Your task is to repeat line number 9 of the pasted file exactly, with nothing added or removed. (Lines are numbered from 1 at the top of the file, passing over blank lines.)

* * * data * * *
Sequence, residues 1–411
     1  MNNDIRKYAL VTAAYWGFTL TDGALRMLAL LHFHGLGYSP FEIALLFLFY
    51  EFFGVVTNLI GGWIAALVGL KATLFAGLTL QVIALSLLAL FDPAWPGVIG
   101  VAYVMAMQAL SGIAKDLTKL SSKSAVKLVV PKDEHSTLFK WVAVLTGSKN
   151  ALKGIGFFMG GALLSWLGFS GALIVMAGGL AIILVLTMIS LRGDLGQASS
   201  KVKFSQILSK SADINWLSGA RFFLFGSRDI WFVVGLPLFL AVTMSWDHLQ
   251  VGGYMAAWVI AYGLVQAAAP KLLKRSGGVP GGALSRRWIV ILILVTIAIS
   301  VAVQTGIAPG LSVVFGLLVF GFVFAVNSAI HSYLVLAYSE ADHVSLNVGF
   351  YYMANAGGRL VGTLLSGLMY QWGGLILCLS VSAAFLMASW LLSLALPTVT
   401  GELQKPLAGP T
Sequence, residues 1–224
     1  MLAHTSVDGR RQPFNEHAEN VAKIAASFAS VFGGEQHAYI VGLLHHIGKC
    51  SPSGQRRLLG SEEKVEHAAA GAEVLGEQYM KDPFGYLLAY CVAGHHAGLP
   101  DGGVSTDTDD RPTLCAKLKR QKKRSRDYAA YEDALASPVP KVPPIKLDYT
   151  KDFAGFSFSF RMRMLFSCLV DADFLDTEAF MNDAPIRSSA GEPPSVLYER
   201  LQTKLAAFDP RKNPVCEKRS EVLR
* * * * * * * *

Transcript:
   351  YYMANAGGRL VGTLLSGLMY QWGGLILCLS VSAAFLMASW LLSLALPTVT